Hi all,

To spice the week a little, __exclusively__ for HP-15C owners and lovers (i.e., most of us; no other calculators allowed), here's a **New, Small HP-15C Challenge**. As always, it's very small yet it tries hard to be both entertaining and educational as well. But this time there are a couple novelties:

- You must have
*a real pro attitude*this time. You'll be "commissioned" to develop a solution*strictly*according to a series of compulsory requirements, and you must deliver, as in real life. - There's a (small) Prize awarded this time to the person who writes the best routine which unfailingly meets all specifications. 'Best' is intended to mean the routine is as short, fast, and uses the least resources as possible. If several solutions are equally deserving, all with be awarded the prize, myself being the final and sole judge.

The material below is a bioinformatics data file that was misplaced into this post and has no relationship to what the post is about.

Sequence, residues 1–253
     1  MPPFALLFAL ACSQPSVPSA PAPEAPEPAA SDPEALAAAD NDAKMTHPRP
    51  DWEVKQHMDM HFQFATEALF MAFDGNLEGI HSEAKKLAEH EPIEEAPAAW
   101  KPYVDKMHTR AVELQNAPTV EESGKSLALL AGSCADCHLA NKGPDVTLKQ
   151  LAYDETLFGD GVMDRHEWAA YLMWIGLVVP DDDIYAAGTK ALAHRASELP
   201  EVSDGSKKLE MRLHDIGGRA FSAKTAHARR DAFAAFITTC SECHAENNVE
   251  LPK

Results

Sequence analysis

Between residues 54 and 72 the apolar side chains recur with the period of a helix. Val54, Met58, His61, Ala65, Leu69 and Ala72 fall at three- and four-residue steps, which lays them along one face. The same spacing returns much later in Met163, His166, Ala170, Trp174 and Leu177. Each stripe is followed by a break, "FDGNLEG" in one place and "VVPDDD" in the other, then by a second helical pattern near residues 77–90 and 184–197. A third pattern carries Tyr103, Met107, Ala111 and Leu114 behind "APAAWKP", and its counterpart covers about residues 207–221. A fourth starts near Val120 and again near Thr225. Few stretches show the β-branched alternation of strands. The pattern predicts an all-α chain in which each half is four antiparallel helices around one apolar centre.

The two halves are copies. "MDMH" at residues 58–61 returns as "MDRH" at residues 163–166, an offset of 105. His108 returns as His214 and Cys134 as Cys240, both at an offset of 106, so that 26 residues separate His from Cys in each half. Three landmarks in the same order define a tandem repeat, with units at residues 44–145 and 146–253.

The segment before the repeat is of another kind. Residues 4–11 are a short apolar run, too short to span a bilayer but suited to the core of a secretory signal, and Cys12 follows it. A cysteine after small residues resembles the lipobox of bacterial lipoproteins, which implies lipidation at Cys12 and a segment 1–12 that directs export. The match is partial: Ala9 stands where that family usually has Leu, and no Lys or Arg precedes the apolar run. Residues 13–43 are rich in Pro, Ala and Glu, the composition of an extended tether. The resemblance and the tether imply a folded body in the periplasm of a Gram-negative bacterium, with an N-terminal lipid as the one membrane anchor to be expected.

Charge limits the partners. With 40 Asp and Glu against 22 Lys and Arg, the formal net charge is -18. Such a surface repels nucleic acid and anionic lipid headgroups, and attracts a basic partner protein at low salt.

The (small) Prize is your choice of a complete, __very
high-quality__ scan of your preferred

*rare*vintage HP brochure to choose among these three:

HP-65 brochure (in English, rare!)You can click the above links to see (purposely low-quality, lo-res) samples of all three. The scanned brochures themselves are

HP-55 brochure (in Spanish, very rare!!)

HP-01 brochure (in French, extremely rare!!!)

__marvelous__,

__large__,

__hi-res scans__,

__multiple pages__for each brochure, to be delivered to you electronically. They're certainly a pleasure to behold and read (though it also makes you a little sad and nostalgic to see what superb products and marketing brochures HP produced in its prime ...)

Even if you're not (!?) that interested in the scanned brochures, have a go at the Challenge. Though it seems simple enough, you'll quickly realize it's far from trivial to come up with even a working version according to the specifications, let alone an optimum one.

**The Challenge**

The owner of a small business wants, given a certain discount percentage rate

between 10.00% and 99.99% (both included), to compute both discounted amounts

from a series of non-discounted amounts and vice versa. She also wants to be able